Hi friend. How has 2020 been going for you? It’s been a tough one, and I’ve found myself thinking “ugh, when is this year going to be done?”

But then I realized the other day, that it’s about this time of year every year, that many people start to think/talk/post on social media about how “this year has been just the worst.” 

Why does this happen?

Yes, this year has had many exceptional struggles, but are things really getting worse? Or are we shooting ourselves with second arrows, perpetuating our pain and suffering?

In the past, I’ve talked about optimism and pessimism, and even shared some research pointing to the fact that pessimistic thinking puts us at risk for physical illness and disease, while optimism can help us avoid those risks, while also preventing and protecting against depression, illness, and premature death.

Sure, we’d all love to be optimists all the time. So, why is it so hard? The answer is actually pretty simple…

You’re human.

As humans, our brains have a built in “negativity bias.”

Evolutionarily, it was there to prime us for avoidance—after all, back in the cavemen days when, perhaps, we were at risk for being eaten or attacked by wild animals, we needed our brains to pay a lot of attention to the bad stuff so that we could be prepared.

Just as our body’s today can get stuck in the “fight-or-flight” stress response even though we aren’t getting chased by a tiger because of the way our brains have evolved, such is the case with our innate negativity bias. It scans for unpleasant experiences—neuroscientist Dr. Rick Hanson says the negativity bias is “like Velcro for negative experiences and Teflon for positive ones.”

Even when positive experiences outnumber the negative ones, our pile of negative implicit memories naturally grows faster. That’s negativity bias.

Understandably, this causes us a lot of suffering and anxiety.

The negativity bias intensifies other unpleasant emotions, like anger, sorrow, depression, guilt and shame.

It highlights past losses and failures and downplays our abilities. It exaggerates future obstacles.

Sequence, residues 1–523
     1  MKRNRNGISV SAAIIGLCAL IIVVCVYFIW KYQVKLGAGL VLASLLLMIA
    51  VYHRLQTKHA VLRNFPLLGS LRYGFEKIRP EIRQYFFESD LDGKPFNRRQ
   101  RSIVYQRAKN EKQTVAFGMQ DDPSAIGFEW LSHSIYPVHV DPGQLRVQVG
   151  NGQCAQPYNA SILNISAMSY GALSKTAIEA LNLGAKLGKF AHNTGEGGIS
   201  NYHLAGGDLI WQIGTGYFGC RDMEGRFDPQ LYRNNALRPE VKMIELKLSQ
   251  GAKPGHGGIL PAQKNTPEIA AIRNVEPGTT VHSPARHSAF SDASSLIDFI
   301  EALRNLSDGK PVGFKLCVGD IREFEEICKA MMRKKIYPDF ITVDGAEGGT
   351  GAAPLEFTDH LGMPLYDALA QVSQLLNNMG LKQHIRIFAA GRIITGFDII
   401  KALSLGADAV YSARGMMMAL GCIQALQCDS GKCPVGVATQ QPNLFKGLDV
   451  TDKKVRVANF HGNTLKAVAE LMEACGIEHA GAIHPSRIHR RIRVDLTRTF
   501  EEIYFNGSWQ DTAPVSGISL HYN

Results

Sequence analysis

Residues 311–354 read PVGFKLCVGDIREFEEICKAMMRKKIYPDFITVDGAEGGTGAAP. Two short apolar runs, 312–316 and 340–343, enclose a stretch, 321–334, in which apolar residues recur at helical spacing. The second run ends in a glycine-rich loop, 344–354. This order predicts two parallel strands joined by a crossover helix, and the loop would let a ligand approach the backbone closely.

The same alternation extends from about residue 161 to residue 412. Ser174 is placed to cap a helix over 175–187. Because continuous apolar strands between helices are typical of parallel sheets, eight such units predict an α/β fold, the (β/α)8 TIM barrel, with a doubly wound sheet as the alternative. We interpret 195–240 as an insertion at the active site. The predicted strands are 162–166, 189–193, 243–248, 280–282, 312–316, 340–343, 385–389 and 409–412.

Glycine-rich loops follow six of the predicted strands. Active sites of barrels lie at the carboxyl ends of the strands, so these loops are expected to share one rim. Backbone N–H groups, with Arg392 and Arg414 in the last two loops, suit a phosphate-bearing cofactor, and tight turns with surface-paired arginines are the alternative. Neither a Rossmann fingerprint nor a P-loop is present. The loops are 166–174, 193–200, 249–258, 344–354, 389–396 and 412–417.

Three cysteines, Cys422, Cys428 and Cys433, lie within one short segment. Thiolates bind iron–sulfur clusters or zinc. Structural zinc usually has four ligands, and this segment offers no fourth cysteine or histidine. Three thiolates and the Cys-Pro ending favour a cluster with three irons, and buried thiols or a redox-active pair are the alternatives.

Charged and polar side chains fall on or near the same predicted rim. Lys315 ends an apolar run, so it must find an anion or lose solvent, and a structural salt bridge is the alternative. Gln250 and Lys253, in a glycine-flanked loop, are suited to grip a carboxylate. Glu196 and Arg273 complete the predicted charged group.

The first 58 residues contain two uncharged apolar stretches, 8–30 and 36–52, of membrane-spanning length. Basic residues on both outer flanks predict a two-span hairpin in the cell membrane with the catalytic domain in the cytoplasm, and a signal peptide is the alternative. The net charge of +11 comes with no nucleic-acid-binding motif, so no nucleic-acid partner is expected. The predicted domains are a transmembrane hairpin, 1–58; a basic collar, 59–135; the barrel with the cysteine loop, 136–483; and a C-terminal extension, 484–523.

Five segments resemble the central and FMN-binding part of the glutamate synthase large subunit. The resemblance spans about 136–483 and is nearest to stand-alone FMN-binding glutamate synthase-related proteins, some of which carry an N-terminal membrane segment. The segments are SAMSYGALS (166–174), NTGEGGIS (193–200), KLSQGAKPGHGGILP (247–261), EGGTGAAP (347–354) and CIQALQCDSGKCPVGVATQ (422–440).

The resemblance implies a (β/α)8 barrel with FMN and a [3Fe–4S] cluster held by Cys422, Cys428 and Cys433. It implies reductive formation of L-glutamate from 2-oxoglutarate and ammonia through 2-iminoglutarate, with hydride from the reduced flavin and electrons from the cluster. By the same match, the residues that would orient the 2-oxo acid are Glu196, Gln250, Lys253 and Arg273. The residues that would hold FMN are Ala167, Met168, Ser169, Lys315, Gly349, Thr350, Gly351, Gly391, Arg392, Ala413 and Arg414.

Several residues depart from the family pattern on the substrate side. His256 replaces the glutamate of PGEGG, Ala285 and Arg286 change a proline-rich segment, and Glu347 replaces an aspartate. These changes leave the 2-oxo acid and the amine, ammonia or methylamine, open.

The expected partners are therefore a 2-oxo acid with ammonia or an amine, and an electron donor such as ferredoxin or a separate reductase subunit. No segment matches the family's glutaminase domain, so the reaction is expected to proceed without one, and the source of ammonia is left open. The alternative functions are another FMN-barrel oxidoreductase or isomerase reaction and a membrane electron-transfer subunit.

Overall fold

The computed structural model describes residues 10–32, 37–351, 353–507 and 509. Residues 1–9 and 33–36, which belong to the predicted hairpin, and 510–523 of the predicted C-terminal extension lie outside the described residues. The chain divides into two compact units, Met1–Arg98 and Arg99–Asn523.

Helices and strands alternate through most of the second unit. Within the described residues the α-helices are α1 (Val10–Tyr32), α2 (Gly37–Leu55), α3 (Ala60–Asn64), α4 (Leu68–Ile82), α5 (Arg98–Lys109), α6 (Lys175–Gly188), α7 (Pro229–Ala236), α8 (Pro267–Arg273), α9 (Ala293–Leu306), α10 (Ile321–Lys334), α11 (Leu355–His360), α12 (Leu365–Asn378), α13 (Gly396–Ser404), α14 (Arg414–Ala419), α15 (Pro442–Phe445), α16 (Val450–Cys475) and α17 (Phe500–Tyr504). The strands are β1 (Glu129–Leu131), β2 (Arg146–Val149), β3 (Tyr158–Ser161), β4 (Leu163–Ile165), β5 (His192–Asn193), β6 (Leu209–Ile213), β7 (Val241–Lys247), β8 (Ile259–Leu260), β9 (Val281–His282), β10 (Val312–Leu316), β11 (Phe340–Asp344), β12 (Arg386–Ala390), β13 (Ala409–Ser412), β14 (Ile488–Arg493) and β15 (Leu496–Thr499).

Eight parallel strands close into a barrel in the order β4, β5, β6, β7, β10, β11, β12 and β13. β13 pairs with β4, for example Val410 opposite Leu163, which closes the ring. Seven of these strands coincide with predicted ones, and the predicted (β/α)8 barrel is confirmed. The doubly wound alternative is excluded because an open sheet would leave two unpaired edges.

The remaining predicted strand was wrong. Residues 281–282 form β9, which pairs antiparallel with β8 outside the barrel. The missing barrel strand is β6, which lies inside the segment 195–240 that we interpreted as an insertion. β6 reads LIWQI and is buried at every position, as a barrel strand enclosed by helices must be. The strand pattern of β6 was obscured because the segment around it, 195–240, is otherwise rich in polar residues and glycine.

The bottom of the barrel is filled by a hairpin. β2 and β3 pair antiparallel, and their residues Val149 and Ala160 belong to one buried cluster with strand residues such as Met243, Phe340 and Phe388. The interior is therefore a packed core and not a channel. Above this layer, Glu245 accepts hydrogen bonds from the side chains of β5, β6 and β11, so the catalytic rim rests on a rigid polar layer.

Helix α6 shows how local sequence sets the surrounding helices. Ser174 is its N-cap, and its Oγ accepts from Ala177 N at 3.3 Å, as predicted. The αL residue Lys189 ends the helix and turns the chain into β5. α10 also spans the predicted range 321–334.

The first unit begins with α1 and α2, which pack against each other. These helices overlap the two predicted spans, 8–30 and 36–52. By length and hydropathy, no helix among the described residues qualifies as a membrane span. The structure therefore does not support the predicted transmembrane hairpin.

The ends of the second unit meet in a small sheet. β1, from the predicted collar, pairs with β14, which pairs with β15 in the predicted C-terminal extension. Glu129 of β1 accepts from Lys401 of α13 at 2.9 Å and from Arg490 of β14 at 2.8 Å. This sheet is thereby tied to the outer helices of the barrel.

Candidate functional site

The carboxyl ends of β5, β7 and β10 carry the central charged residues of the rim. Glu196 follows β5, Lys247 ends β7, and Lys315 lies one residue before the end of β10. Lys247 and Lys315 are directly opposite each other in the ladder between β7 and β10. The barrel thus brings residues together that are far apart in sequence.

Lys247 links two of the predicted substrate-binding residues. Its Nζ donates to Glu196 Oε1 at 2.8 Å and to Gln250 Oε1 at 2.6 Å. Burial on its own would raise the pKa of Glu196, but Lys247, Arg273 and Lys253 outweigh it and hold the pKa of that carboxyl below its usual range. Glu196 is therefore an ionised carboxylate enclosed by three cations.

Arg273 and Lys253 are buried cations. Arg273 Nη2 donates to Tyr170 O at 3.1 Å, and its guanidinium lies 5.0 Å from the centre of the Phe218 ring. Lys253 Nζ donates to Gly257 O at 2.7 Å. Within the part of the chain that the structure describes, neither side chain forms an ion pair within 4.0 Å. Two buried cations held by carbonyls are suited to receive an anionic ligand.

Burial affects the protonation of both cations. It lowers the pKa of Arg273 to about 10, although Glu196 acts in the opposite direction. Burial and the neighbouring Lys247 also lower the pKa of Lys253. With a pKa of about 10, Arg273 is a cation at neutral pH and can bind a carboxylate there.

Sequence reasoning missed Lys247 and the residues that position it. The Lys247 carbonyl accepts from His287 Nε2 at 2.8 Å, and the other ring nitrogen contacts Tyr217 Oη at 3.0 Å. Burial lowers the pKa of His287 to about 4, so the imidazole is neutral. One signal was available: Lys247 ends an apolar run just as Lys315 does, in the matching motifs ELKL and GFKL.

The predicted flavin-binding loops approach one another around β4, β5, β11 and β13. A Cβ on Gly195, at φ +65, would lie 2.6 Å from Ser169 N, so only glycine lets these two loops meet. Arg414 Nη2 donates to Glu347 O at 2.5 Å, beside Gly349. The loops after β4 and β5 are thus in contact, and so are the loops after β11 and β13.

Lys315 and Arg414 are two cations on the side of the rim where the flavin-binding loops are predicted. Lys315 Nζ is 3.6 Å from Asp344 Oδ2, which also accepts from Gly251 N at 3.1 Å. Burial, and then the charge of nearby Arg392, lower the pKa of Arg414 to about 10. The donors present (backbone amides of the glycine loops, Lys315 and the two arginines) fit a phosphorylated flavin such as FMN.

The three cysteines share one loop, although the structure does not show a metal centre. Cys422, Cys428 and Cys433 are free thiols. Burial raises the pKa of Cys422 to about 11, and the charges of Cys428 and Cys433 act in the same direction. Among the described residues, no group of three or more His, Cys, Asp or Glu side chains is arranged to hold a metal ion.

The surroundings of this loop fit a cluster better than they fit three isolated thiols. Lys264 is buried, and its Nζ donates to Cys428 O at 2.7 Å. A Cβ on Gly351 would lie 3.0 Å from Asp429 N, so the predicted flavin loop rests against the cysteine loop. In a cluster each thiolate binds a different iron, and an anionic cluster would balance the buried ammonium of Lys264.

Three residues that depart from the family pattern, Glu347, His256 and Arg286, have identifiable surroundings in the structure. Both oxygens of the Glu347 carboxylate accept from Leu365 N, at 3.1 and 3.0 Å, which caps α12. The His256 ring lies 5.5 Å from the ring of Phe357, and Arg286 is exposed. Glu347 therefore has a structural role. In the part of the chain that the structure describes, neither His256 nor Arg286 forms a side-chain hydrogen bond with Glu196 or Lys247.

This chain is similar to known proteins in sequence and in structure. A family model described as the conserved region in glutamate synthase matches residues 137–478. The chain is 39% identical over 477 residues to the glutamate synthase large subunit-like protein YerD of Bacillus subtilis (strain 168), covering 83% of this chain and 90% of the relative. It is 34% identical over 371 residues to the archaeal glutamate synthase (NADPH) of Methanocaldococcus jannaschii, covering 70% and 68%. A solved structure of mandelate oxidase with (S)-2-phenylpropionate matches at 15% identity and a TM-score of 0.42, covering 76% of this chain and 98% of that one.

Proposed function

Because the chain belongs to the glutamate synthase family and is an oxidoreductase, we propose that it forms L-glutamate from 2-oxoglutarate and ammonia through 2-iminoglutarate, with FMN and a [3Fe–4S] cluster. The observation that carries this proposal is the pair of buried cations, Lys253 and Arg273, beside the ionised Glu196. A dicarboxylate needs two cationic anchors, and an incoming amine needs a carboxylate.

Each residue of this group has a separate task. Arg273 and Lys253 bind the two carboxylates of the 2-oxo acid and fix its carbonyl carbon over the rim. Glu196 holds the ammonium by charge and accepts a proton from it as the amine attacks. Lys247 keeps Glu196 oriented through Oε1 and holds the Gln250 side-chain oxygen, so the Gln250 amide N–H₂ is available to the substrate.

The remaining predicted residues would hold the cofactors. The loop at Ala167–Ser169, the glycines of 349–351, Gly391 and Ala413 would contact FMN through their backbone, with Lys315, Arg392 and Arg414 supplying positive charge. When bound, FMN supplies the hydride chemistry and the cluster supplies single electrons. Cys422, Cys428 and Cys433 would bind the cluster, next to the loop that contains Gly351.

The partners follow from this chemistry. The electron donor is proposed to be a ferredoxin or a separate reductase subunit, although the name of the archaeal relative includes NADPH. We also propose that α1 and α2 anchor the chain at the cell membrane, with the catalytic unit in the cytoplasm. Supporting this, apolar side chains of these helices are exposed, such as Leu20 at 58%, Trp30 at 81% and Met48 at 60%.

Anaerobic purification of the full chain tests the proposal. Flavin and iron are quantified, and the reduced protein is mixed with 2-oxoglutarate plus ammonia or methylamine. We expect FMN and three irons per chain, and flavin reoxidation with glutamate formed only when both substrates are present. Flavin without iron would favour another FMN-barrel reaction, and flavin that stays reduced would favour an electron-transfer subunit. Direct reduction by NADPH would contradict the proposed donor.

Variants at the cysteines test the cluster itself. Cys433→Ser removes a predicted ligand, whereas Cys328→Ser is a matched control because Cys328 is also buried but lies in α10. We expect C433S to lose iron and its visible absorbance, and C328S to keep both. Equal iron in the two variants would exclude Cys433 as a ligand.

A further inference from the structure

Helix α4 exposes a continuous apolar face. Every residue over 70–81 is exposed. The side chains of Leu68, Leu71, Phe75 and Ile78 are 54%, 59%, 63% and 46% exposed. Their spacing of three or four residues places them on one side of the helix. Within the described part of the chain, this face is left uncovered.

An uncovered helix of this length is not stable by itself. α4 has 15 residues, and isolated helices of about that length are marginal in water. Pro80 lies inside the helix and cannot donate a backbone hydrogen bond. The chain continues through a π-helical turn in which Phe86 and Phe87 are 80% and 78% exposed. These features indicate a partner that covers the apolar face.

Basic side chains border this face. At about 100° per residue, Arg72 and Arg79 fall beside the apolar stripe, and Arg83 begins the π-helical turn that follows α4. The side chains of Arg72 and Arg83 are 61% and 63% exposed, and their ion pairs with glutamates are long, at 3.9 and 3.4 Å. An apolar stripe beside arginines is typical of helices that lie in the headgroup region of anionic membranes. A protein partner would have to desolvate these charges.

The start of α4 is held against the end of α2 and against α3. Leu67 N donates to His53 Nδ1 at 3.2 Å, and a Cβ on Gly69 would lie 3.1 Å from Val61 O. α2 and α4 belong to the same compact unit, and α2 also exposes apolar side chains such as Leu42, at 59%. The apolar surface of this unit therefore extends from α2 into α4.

Clearly, all of these facets of the negativity bias hold us back and keep us suffering. 

As our brain continues these patterns of negative thinking—without our conscious awareness—our neural pathways become more and more grooved into our brains, making these patterns our normal and default response. These habit loops are hard to break.

The good news is—we now know that we can actually change the wiring and connection in our brains because of neuroplasticity. Our brain can reorganize synaptic connections in response to learning or experience.

Essentially, the more we do something, the easier it becomes—a habit!

In this way, we can overcome our habit of negativity bias.

First, we can simply notice the negativity bias when it comes up. Notice a negative thought—be aware of it, and then just let it be a thought and nothing more.

Perhaps, be willing to “let it go” and choose not to tell a story about it. We must intentionally choose to NOT give our unpleasant experiences all of our attention.

We can also take action to internalize the positive.

Dr. Rick Hanson suggests we savor good experiences.

We encounter small, wonderful things every day—a blooming flower, the first sip of a hot coffee, noticing an admirable quality in yourself or someone else, a kind smile, or finishing a difficult project—and we overlook these facts and instances.

Instead, can we make those moments last for 5, 10 or even 20 seconds?

The longer we can keep our attention and awareness with the positive experience, the more emotionally stimulating, and so more neurons will fire and rewire our brain during that time.

A simple gratitude practice is one of my favorite tools—I try to write down 3 things I’m grateful for every day. Don’t rush through it—spend a good 30-60 seconds with each item on your list, if you can!

I think a lot of people hear about gratitude and think “that’s just a nice thing to think about it, but it doesn’t do anything.” But contemplative neuroscience says it does—the simple act of noticing the good in your life can actually rewire your brain over time.

Even if your skeptical—what have you got to lose?

Sending light and love your way,